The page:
Turning to more recent examples, it is worth recalling Sudan whose President, Omar al-Bashir, was put on the wanted list by the International Criminal Court, and several years later the Obama administration decided that in order to settle the Sudan problem the country had to be divided into two parts. They created South Sudan and they begged us to help secure the consent of President al-Bashir, whom the US wants to see at the Criminal Court, not to object to the division of Sudan into two states. President al-Bashir kept his word and started cooperating with the international community. Sudan was divided into two parts according to the Obama administration’s plan only for Washington last year to start calling for sanctions against South Sudan, which it itself had created.
So, this kind of experiments based on the obsession with replacing a dictator, totalitarian or authoritarian leader – we’ve been there before. We know only too well what the outcome is. I cannot think of any positive examples of a dictator being toppled and things going smoothly afterwards. If there are such instances I would appreciate it if you tell me about them.
So in Syria, as President Putin has stressed repeatedly, we are not backing any particular person, be it President Assad or somebody else, like they are backing al-Sarraj or Haftar in Libya. We want to see them sit down and talk. The same is true of Syria. All the Syrians, as the UN Security Council resolution says, must sit down and come to an agreement. It should be an inclusive intra-Syrian dialogue. The fate of Syria, as the UNSC resolution says, should be determined by the Syrians themselves without any exceptions. The most important thing is not to remove this or that individual from the political scene, but to agree on the organisation of the Syrian state so that it is democratic and secular (which is opposed by the so-called High Negotiations Committee), so that all the ethnic and religious groups feel protected and fairly represented in the governing bodies. I assure you, as soon as such a consensus is reached, and this should be done by drafting a new constitution, the questions about the fate of individual personalities will be solved far more effectively and without any tragic consequences for the state, the country and the people.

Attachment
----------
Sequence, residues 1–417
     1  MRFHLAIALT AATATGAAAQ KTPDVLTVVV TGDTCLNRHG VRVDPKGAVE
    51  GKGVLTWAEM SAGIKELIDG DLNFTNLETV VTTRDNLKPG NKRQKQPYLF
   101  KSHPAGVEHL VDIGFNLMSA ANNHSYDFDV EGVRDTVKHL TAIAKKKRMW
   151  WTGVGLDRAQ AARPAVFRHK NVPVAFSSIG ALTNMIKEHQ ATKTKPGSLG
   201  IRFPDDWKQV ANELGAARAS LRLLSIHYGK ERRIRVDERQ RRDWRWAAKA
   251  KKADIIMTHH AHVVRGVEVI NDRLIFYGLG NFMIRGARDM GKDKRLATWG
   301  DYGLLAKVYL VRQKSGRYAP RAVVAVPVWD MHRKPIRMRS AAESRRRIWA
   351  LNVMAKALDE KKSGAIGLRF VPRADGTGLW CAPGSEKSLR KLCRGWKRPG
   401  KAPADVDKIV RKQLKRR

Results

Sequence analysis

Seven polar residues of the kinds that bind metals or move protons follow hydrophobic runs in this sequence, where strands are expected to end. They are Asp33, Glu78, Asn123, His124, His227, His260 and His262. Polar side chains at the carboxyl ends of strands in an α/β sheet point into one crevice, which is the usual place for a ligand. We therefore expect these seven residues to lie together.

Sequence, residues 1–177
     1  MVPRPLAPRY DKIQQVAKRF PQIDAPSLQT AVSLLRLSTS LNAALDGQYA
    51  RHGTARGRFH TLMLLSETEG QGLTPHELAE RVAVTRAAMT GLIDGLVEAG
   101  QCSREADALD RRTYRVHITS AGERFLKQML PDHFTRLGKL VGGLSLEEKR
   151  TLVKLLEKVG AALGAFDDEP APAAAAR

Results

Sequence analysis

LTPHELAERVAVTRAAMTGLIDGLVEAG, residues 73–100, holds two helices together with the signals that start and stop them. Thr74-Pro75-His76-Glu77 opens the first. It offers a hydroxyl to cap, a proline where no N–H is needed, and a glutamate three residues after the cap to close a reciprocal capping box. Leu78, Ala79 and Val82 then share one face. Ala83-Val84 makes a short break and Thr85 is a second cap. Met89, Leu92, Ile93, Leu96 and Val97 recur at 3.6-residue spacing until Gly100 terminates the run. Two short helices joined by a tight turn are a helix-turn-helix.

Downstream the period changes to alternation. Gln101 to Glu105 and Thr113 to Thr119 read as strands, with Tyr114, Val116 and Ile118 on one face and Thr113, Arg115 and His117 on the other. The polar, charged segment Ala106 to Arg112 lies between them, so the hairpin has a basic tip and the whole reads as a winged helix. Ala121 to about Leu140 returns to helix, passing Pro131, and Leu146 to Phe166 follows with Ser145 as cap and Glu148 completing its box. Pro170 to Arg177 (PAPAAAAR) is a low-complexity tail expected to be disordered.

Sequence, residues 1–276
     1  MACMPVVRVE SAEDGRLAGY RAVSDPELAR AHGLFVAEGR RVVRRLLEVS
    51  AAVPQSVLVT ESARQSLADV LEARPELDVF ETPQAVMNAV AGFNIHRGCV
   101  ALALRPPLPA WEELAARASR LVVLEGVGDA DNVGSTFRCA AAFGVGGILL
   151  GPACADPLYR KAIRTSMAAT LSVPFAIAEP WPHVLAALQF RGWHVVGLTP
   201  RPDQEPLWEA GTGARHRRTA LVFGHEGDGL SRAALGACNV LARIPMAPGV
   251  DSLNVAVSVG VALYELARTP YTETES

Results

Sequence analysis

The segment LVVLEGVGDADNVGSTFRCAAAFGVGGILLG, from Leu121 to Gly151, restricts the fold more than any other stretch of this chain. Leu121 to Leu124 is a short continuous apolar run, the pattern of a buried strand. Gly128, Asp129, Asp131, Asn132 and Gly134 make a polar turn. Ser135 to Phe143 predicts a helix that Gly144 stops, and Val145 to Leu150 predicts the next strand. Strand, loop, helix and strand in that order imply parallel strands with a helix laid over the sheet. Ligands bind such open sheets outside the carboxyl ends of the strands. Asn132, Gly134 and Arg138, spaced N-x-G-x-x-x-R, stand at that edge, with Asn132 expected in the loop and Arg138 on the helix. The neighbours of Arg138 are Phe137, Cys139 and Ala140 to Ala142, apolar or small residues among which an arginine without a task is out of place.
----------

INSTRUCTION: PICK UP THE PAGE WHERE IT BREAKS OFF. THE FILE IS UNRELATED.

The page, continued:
Question: Did you discuss the alleged Russian interference in the US presidential elections? How do Russia’s actions in cyberspace differ from those of the United States? We know from US media reports that the Iranian nuclear programme was derailed with the help of US-created Stuxnet virus. Right now, the United States is using the same methods and its cyberweapons in order to stop the North Korean missile programme.